Whether the dishes are sweet or sour, salt makes the diet complete. Salt gives the right taste to the food and generates interest to consume it.

More importantly, salt aids in our body's digestion and cleansing activities. In Charaka Samhita, the foundational text on Ayurveda, Acharya Charaka alerts about the restriction on the use of salt. He says excessive use of salt causes malaise, laxity, and debility in the body. He says salt affects the stability of ojas, which is the vital energy that nourishes all tissues and is responsible for the optimal functioning of body, mind and spirit.

People who consume excessive salt get low on stamina, as their muscle tone gets destabilised. This brings down their tolerance level to physical or climatic challenges. We notice barren describes the injurious effects of salt and its viable alternatives, lands with saline soil having trees or plants with stunted growth.

Similarly, individuals who consume excessive salt age faster with wrinkles on the skin, greying of hair, and baldness. Excessive use should mean excess quantity of salt in diet, such as salt-based recipes like pickles, and using salt more frequently over every meal daily, across days and seasons.

While common salt added to food is bad for health, there are food resources that have a naturally occurring salt taste in them. An example is a spinach variety, called Wild Purslane (known as pasalai keerai in Tamil).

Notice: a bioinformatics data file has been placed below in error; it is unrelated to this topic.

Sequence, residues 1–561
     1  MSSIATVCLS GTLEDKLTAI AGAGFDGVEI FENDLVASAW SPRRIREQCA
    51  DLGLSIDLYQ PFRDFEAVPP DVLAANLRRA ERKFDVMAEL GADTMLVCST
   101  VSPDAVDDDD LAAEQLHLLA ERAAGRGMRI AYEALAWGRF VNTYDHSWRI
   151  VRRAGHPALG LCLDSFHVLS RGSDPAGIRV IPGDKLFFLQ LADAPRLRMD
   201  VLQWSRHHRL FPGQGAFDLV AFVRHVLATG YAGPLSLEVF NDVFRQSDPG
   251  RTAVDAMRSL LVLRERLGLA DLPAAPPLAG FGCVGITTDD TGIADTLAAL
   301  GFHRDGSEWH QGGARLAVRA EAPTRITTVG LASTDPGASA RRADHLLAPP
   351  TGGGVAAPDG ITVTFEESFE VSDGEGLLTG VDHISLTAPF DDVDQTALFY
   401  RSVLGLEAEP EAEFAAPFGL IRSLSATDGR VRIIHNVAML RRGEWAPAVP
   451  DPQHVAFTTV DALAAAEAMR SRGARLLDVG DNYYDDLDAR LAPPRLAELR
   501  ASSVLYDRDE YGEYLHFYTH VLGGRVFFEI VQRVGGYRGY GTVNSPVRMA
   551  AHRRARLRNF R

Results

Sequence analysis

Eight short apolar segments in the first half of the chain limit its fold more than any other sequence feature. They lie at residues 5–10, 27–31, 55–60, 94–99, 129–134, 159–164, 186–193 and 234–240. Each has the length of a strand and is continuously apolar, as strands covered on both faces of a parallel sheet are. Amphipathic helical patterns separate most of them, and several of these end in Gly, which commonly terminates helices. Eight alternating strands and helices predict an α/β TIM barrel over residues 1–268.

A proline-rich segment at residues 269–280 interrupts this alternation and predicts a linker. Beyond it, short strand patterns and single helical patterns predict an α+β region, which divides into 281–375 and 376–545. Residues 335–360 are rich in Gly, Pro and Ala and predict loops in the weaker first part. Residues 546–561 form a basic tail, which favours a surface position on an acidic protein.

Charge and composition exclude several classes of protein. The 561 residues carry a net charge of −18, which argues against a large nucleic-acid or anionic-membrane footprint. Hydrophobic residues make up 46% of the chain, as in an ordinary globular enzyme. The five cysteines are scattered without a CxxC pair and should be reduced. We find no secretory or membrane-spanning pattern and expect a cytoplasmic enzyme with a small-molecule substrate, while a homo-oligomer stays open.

Such salty food sources are good for cleansing pathways in the body and they improve the appetite. Risks of Overuse According to Ayurveda, rakta (blood) is the prime dhatu impacted by the overuse of salt in the diet. Raktadhatu is responsible for longevity, skin colour, and nourishment of muscle tissues. Salt provokes pitta in association with raktadhatu (which is a seat of pitta dosha). This leads to a cascade of events at the tissues, srotas (channels), and eventually the mind. It can worsen itches and discharges in skin diseases. An increase of blood pressure, loss of potency in the blood vessels, and damage to kidneys are other negative effects of excessive salt usage.

Among the six tastes, salt being an essential diet component, even use of normal quantities can accumulate over a period of time in the body (unnoticed by the consumer) leading to long-term health implications.

The pitta imbalance created by excessive salt affects the mind, attentuating krodha (anger), mental agitation and irritability, all termed as indriya dourbalya, or lack of strength in sense organs.  This gives rise to lower will power. Bhagavad Gita, while describing three kinds of food as part of Sraddhatraya Vibhaga Yoga (chapter 17), mentions that salty foods are liked by people dominated by rajasic tendencies. As salty food impairs elevated levels of spirituality in practitioners, yogis and spiritual masters avoid salt, or minimise its usage as their dharma acharana, or following a disciplined life.

A better alternative to common salt, which comprises 40 percent of the chemical soldium, is rock salt, or the Himalayan pink salt, popularly known as saindha namak  (saindhava lavana). It is mined naturally, and not processed as common salt.

Rock salt has many positives contrary to common salt. It is highly valued in Ayurveda as it is good for the heart, improves eye health, and balances all three bio-energies or tridosha (vata, pitta and kapha).

Rock salt does not cause heartburn, while aiding in clearing the bowel and in the reduction of chest congestion due to phlegm.

 - Harikrishnan Meenakshisundaram

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